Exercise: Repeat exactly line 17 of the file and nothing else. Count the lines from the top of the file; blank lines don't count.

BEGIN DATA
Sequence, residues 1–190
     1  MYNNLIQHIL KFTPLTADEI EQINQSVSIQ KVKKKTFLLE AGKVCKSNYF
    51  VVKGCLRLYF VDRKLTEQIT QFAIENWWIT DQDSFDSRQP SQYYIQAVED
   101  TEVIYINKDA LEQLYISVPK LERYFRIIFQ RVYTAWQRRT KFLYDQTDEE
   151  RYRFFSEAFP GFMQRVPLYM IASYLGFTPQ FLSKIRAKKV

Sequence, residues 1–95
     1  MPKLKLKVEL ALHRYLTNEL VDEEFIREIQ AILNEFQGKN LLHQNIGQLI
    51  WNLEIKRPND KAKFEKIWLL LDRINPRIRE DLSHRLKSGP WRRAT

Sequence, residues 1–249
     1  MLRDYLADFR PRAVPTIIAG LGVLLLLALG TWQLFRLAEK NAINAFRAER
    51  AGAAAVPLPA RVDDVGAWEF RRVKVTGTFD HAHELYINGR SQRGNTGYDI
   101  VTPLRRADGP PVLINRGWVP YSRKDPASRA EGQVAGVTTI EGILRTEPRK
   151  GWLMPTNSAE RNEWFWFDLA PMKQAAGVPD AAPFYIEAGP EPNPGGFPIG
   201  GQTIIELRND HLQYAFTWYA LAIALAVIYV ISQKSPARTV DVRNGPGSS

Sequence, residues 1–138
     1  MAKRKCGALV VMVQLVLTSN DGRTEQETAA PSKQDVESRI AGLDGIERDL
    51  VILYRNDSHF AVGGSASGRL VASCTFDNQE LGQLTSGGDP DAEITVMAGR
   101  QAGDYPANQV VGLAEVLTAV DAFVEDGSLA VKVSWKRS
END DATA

    51  VILYRNDSHF AVGGSASGRL VASCTFDNQE LGQLTSGGDP DAEITVMAGR